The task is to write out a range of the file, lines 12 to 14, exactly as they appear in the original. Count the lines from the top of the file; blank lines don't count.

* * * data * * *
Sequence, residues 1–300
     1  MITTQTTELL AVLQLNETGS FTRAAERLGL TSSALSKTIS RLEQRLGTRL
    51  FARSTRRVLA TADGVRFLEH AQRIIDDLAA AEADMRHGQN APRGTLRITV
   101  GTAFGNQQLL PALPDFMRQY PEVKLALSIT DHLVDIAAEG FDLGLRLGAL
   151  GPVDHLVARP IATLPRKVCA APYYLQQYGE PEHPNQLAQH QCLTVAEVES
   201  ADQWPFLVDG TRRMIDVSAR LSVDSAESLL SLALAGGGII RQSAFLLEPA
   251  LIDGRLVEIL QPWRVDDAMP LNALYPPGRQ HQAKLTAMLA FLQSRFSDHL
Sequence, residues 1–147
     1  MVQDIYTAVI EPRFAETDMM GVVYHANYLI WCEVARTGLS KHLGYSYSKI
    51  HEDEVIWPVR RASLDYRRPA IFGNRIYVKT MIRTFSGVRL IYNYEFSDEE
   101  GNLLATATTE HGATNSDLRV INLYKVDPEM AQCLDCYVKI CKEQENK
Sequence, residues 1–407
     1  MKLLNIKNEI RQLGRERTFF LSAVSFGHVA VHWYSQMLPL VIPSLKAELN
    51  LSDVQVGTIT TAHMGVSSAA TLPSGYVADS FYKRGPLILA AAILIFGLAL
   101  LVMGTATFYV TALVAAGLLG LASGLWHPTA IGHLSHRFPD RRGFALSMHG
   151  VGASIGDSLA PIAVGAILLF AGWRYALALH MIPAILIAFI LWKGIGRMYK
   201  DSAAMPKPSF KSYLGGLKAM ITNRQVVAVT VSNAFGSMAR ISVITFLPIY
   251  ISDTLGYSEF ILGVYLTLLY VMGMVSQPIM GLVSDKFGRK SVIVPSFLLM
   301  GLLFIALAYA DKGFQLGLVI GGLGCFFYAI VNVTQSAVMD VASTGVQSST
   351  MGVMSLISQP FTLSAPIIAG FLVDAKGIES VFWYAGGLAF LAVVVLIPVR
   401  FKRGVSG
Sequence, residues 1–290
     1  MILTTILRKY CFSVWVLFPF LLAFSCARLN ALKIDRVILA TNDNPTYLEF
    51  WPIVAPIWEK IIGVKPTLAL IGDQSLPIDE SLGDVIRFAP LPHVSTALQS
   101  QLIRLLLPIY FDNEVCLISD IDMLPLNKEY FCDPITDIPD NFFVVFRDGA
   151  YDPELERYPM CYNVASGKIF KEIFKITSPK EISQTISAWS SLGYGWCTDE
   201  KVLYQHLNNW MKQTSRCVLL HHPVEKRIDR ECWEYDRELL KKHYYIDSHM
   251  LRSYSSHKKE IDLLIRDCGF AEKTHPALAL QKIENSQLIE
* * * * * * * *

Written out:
Sequence, residues 1–407
     1  MKLLNIKNEI RQLGRERTFF LSAVSFGHVA VHWYSQMLPL VIPSLKAELN
    51  LSDVQVGTIT TAHMGVSSAA TLPSGYVADS FYKRGPLILA AAILIFGLAL